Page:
What Is a Cable Modem?

The info you need on this home internet workhorse

A cable modem is a crucial piece of hardware you'll either receive from your internet service provider or purchase separately. It receives and sends information like emails, web pages, text messages, and other data through the primary data connection.

An Ethernet cable plugging into a modem

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What Does a Cable Modem Do?

Like all modems, the cable version handles and distributes internet information for a home or building. What makes the cable version unique is it moves data through the same jack and cables you use to watch TV.

Most companies that offer cable internet used their existing infrastructure to add the extra function on top of TV programming. This transition is similar to wired phone service providers who expanded into their high-speed internet, DSL. You'll usually be able to save money by bundling cable service with internet through the same provider.

Cable internet is a broadband type, which means it can carry out multiple processes simultaneously. It's generally faster than DSL but slower than newer fiber technology.

What Is the Difference Between a Modem and a Cable Modem?

Every modem does the same job: it serves as a bridge to receive and send data over the internet. The differences between different kinds ultimately come down to the connection they use to do their job.

The oldest modems used a house's phone line to receive the internet, but they couldn't run simultaneously. If you were on the computer and received a call, you would lose your connection. Faster DSL internet also uses the phone line, but it works on a different frequency so you can receive calls while sending emails and not have to worry about interference.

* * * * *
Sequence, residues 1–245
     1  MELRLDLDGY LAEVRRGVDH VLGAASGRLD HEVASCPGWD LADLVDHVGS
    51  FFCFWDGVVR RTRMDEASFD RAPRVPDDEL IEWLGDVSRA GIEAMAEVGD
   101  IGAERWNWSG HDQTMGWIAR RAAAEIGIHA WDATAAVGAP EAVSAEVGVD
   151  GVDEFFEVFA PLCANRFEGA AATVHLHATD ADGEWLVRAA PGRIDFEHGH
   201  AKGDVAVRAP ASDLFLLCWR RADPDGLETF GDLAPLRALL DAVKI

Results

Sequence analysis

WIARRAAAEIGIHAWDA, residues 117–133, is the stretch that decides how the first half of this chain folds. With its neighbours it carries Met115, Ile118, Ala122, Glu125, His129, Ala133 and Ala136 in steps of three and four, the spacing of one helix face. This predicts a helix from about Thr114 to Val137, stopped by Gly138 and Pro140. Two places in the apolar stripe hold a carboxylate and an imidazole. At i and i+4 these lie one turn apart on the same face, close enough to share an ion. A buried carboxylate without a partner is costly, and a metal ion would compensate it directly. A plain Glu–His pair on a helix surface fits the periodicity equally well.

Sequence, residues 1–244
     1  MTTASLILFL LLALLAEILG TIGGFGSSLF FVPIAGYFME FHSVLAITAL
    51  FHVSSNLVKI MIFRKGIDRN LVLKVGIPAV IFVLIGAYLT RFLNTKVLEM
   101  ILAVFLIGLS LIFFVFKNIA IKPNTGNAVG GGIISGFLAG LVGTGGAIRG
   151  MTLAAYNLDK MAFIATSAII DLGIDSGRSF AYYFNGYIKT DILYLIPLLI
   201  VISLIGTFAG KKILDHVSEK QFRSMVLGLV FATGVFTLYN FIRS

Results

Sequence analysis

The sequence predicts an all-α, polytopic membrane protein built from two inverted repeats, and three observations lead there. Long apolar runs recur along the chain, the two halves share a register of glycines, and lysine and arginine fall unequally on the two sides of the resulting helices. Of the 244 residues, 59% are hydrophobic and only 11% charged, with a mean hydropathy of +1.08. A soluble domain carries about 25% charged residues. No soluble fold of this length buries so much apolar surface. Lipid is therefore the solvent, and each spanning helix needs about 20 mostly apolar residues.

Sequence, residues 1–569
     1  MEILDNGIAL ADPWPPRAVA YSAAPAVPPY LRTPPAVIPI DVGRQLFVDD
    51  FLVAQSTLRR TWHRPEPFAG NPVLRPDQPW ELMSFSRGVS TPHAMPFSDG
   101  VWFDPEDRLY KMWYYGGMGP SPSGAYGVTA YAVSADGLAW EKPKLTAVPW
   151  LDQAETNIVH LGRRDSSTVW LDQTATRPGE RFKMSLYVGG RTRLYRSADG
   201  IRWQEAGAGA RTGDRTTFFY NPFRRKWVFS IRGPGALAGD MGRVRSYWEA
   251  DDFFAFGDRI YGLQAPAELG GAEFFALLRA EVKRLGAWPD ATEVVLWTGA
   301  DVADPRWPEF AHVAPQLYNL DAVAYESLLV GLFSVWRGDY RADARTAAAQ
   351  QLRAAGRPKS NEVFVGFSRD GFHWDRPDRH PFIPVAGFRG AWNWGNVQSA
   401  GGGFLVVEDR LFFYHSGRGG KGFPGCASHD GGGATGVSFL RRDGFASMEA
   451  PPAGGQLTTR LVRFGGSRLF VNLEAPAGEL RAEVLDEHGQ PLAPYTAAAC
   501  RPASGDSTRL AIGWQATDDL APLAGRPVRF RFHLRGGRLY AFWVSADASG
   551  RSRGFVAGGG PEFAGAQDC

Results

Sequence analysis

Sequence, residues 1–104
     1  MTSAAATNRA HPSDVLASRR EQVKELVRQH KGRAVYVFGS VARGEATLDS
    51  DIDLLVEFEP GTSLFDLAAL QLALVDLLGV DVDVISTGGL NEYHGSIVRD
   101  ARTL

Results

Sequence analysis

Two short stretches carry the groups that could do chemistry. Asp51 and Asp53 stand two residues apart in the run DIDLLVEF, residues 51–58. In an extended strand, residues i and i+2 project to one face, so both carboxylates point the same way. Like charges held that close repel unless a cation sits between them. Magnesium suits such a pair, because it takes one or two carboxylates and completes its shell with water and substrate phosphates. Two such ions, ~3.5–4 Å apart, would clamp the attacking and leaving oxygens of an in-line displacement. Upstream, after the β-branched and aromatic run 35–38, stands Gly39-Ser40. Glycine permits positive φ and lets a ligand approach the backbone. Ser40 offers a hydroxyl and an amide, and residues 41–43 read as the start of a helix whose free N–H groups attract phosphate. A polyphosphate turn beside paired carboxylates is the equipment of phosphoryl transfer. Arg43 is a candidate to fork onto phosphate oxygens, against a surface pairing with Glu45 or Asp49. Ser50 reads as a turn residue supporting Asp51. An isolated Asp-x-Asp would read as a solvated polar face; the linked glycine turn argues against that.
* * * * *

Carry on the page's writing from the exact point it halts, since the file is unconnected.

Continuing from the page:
Cable internet bypasses the phone entirely and uses a building's cable TV jack and coaxial cables to run the internet. In contrast, fiber modems use a specific wall port the ISP has to come over and install (it'll mean another hole in your building or at least your floor).

Will a Cable Modem Work for Wi-Fi?

The hardware that gives you a wireless internet connection is compatible with most, if not all, types of connections. Your internet service provider will probably issue you a cable modem with a built-in wireless router. These devices can handle the data streams in and out of a building and transmit them through the air.

If your ISP doesn't give you a combination modem and router, however, you can also buy one separately. You don't necessarily need a router if you plan on connecting all of your devices directly to the modem via Ethernet cables. However, if you intend to use things for which this is impractical or impossible, like smartphones, tablets, or smart-home accessories, you will need to set up a wireless network.

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